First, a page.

Alberta’s largest union launches legal challenge, questions constitutionality of province’s Bill 1
EDMONTON -- The largest union in western Canada has launched a legal challenge against new provincial legislation put into law by the UCP government, saying it violates Canada’s constitution.
The Alberta Union of Provincial Employees (AUPE) says Premier Jason Kenney’s Bill 1 is in breach of individuals’ charter of rights and freedoms.
Bill 1, the Critical Infrastructure Defence Act, was passed into law last week.
The new law allows the government to levy heavy fines and possibly imprison anyone found to be unlawfully interfering with infrastructure like pipelines, highways, utilities and oil and gas production facilities.
In a statement of claim filed at the Court of Queen’s Bench of Alberta Tuesday, the union said the law will “substantially hinder AUPE’s ability to meaningfully engage in the collective bargaining process.”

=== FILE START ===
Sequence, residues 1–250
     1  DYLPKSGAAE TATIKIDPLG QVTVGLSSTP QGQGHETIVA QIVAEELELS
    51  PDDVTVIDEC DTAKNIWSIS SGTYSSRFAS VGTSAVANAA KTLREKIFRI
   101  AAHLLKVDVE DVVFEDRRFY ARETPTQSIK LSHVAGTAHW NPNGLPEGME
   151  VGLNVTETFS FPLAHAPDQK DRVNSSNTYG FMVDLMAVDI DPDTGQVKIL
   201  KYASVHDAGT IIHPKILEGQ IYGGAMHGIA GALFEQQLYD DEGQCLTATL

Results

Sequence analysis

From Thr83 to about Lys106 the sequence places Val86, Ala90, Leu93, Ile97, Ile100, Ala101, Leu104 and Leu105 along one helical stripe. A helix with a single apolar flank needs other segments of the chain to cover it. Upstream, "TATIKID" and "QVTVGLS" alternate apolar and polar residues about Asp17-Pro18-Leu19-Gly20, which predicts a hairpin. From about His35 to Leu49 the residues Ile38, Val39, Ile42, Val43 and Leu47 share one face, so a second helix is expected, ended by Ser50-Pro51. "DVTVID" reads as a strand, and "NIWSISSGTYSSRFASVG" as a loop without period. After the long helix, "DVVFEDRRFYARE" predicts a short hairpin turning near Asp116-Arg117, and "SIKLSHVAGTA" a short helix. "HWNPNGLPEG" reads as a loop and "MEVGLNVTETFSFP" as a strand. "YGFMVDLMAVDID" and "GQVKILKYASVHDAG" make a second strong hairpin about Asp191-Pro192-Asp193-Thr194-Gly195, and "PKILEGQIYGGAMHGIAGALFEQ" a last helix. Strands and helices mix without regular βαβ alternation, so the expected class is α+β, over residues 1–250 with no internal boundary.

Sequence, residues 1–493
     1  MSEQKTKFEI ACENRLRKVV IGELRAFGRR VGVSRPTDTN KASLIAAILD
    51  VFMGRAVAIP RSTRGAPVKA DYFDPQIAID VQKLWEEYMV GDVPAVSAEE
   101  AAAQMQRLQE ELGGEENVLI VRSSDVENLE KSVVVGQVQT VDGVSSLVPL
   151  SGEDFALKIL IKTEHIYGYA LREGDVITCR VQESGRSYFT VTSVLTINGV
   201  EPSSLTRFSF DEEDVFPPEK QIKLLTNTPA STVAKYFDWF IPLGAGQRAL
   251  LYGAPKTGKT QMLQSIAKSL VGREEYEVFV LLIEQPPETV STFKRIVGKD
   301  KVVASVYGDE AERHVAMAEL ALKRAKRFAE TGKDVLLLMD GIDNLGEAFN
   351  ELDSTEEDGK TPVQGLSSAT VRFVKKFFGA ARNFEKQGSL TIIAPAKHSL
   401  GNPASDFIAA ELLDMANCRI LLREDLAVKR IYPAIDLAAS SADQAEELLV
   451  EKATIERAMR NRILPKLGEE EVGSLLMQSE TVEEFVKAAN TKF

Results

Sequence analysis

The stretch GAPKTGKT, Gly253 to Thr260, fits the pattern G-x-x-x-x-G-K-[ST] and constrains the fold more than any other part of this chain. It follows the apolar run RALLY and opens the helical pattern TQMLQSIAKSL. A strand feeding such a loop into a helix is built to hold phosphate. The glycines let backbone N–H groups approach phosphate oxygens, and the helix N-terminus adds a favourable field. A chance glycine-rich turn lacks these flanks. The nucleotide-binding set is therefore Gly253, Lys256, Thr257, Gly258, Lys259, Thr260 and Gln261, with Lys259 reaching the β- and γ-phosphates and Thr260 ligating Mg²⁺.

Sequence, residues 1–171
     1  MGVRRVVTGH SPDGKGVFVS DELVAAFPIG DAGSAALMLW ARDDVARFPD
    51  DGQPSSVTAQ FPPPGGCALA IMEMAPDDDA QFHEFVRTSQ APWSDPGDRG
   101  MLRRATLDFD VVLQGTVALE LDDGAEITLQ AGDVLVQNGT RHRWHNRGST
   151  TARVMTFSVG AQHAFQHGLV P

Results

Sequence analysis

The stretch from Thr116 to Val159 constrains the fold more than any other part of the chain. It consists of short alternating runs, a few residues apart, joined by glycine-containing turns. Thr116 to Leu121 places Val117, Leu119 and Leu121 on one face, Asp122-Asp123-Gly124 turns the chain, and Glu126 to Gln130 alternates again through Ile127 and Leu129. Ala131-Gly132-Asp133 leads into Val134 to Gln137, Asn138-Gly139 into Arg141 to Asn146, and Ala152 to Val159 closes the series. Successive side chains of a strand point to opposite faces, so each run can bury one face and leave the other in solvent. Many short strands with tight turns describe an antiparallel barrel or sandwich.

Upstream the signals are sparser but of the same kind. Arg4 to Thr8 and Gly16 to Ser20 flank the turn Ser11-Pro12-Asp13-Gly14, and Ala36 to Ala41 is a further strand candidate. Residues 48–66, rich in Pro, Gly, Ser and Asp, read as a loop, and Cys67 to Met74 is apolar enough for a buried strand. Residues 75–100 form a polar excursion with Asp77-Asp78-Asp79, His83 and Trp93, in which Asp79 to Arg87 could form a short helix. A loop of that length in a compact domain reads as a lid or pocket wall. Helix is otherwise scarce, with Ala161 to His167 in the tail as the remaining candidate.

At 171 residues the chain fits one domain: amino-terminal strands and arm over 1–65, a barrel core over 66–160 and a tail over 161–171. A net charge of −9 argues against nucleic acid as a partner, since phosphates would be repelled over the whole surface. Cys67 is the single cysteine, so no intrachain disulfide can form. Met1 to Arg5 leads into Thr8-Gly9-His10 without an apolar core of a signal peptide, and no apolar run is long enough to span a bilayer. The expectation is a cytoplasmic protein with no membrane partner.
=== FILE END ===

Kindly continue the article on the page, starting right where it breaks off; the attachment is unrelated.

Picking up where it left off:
AUPE president, Guy Smith told CTV News Edmonton that the expansiveness and vagueness of the law means it could be used to prevent workers from standing up for their rights.
“Anytime that we hold a protest or demonstration or an information picket or a leafleting campaign on a sidewalk, we could potentially be breaking the law,” said Smith.
Bill 1 was introduced after a series of protests blocked railway lines across the country, in support of the Wetʼsuwetʼen hereditary chiefs in British Columbia and their opposition to the Coastal GasLink Pipeline project.
“I know that the focus has been on the railway blockades and the pipeline protests and that sort of thing,” Smith said. “But it really is more expansive than that and that's what we're concerned about.”
In a news release sent out Tuesday, the AUPE called Bill 1: “The kind of law we would expect to see in an oppressive dictatorship.”
“It’s obvious the government’s intent is to crush opposition against their unpopular policies and reckless cuts to services,” Smith said.
The AUPE, which represents 95,000 public service workers, says it’s willing to take its case to the Supreme Court.